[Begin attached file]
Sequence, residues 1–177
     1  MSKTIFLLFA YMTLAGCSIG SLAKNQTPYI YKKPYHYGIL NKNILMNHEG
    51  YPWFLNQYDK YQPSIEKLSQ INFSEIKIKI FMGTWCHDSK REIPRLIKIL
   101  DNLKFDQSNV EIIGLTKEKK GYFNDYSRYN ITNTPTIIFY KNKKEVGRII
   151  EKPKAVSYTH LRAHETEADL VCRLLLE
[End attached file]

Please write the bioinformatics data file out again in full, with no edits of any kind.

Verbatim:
Sequence, residues 1–177
     1  MSKTIFLLFA YMTLAGCSIG SLAKNQTPYI YKKPYHYGIL NKNILMNHEG
    51  YPWFLNQYDK YQPSIEKLSQ INFSEIKIKI FMGTWCHDSK REIPRLIKIL
   101  DNLKFDQSNV EIIGLTKEKK GYFNDYSRYN ITNTPTIIFY KNKKEVGRII
   151  EKPKAVSYTH LRAHETEADL VCRLLLE